Like any nonprofit, a key element would be the composition of the Board of Directors. Significantly, the Board of the proposed NISO would be dominated by private sector representatives, and in particular, by commerce and industry representatives. The Board would include one representative of the Department of Homeland Security; four representatives from at least three different federal agencies with significant responsibility for cybersecurity; and ten representatives from the private sector, of whom two would be from the “privacy and civil liberties community.” The remainder of the Board would consist of ten representatives of the following “critical infrastructure sectors and subsectors” – banking and finance; communications; defense industrial base; energy and electricity; energy, oil and natural gas; health care and public health; and information technology.
The Board of Directors would have the power to establish a charter setting out rules for information-sharing, including the treatment and ownership of intellectual property provided by or to the organization; limitations on liability, and “consideration of any necessary measures to mitigate antitrust concerns.” The charter would also cover such topics as privacy and civil liberties protections, public transparency and oversight, and security requirements for the handling of information received from private and governmental sources.
A key element of the Lundgren bill is its exemptions from existing laws, including a blanket exemption from antitrust laws, and detailed provisions protecting against the disclosure or use of information provided to the proposed NISO.
Information shared with or provided to the proposed NISO, or to a federal agency through the nonprofit, would be exempt from disclosure under the Freedom of Information Act. Further, information shared with the proposed NISO could not be shared with any other federal or state entity, or with any third party in any civil action, without the written consent of the person or entity submitting the information. Similarly, such information could not be shared with any officer or employee of the United States unless to further the investigation or prosecution of a criminal act or to disclose to an appropriate Congressional committee. The exemption also contains parallel provisions pertaining to state and local government.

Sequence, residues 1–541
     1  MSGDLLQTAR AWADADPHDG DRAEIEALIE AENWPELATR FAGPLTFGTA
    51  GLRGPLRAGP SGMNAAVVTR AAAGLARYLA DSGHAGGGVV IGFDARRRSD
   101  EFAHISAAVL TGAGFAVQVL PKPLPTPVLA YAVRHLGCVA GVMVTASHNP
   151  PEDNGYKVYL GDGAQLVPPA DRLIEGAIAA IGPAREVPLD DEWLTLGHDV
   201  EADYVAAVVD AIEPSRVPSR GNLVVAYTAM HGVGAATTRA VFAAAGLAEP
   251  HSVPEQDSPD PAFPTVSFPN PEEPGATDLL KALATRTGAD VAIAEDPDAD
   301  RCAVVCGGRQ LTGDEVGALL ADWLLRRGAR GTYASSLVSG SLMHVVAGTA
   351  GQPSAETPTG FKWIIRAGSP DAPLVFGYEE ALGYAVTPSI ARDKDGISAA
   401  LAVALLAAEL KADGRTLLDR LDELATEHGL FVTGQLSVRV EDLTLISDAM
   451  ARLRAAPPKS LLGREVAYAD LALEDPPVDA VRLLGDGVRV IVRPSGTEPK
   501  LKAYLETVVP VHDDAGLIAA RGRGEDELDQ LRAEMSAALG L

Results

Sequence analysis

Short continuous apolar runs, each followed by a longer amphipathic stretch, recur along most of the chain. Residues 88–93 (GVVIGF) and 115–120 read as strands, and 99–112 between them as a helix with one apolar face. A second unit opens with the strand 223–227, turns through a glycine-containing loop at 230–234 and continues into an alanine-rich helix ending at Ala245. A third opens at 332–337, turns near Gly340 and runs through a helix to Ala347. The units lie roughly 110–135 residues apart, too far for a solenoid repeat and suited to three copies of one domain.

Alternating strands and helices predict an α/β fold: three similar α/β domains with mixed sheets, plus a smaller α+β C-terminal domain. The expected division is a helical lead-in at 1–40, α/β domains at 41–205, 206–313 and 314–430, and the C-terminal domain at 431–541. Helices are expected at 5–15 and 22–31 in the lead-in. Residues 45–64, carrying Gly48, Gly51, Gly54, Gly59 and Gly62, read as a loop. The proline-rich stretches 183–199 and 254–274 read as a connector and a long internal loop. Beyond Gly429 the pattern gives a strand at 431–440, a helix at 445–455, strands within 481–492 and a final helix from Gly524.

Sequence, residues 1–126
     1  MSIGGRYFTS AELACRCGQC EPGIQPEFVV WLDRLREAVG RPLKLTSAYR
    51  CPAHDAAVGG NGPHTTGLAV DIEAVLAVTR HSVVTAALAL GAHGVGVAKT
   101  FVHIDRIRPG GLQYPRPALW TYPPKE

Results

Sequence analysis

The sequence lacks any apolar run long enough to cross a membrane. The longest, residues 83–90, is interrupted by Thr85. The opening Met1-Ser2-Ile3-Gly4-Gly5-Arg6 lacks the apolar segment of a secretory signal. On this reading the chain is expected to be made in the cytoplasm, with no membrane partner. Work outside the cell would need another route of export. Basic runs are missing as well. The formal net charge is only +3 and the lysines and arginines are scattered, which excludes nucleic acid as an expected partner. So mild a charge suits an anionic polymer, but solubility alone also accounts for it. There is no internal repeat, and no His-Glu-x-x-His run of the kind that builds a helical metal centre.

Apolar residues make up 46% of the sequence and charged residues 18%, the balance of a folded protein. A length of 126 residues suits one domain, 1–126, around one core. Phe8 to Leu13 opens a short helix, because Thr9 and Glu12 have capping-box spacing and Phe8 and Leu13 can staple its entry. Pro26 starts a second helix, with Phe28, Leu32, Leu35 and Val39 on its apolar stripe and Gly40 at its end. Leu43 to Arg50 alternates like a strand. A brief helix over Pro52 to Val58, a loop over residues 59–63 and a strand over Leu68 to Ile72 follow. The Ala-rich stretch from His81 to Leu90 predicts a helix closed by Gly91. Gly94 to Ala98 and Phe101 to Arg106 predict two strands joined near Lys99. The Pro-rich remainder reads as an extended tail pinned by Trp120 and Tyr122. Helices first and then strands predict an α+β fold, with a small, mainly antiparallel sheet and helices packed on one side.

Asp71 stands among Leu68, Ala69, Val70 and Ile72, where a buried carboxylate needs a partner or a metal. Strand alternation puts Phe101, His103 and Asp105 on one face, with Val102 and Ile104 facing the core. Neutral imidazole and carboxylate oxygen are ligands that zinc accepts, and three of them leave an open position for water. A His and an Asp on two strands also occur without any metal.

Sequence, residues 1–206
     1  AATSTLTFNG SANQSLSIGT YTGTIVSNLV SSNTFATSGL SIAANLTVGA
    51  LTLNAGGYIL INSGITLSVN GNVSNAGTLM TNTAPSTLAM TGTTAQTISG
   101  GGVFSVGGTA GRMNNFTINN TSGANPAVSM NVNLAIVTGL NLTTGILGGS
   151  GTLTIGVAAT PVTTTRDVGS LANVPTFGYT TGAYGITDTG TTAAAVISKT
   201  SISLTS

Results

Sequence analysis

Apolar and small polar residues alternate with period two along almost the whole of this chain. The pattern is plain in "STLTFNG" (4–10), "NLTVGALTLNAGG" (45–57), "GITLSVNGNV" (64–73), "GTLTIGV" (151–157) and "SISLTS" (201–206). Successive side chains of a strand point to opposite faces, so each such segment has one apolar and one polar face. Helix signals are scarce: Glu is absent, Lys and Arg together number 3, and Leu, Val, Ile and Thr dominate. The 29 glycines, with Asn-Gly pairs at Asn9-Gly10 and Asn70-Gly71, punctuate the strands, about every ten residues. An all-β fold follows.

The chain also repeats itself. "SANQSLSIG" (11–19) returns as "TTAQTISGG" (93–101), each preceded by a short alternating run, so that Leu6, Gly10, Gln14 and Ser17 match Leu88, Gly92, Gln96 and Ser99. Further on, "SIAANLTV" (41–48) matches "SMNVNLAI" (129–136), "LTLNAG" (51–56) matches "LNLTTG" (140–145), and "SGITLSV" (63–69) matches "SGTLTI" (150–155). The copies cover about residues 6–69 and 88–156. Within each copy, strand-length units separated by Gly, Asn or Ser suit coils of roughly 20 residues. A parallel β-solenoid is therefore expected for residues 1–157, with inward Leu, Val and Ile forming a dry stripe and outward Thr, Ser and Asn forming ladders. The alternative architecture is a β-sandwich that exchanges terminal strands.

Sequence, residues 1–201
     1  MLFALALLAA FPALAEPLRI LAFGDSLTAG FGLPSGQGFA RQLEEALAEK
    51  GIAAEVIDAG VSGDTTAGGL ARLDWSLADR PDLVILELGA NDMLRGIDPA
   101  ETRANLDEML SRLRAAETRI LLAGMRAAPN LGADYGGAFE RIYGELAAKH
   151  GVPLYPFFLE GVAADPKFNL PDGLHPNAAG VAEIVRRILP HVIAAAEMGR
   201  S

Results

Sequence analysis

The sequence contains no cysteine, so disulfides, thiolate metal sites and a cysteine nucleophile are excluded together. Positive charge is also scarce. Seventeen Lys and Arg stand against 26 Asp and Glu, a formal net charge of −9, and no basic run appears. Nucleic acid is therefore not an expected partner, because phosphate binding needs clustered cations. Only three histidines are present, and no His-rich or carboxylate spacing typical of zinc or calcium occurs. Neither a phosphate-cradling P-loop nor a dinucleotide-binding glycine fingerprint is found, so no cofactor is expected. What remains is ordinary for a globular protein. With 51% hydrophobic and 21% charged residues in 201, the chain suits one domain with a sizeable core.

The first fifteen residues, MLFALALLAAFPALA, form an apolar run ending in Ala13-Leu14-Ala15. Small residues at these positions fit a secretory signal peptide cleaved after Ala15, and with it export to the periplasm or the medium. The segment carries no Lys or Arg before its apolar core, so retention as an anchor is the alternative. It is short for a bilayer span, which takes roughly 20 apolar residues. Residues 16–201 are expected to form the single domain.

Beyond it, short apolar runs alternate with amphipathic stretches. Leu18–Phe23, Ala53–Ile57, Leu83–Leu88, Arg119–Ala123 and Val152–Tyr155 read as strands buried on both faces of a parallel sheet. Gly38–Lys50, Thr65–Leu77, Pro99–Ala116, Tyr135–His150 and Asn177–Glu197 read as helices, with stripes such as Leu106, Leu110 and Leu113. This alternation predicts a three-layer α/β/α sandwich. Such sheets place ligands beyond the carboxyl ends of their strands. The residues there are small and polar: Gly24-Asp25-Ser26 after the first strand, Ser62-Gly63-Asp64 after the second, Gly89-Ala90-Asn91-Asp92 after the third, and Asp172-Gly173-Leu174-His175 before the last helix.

Pros and Cons
Representative Lundgren held a hearing on the the draft bill on December 6, 2011. The hearing included testimony in support of the bill from Symantec Corp., and Prof. Gregory E. Shannon of Carnegie-Mellon’s CERT cybersecurity entity. Testimony from the Congressional Research Service discussed the precedents for, and pros and cons of, the type of quasi-government entity envisioned by the draft bill.
Also speaking in support of the draft bill was the Center for Democracy and Technology, although that organization’s support was tempered by several privacy and data security-related concerns.
The CDT’s prepared testimony provides helpful comparisons between the draft bill, Sen. Lieberman’s S.413, and the Obama Administration proposal from which the Lieberman bill derives. The CDT pointed out that while private entities would share data anonymously through the NISO, any individual personally identifiable information included in the data they shared would not be required to be anonoymized or minimized. The CDT also criticized language in the exemptions provision of the draft bill that would appear to broadly encompass all existing federal privacy laws such as the Electronic Communications Privacy Act.
Prospects for Passage
Although both houses of Congress seem to agree that cybersecurity legislation is needed, their diametrically different approaches would have to be reconciled in order for such legislation to pass both houses. There doesn’t seem to be much chance of such a reconciliation as we move into an election year. Nevertheless, Sen. Harry Reid sent a letter on November to his Republican counterpart seeking bipartistan cooperation in advancing cybersecurity legislation.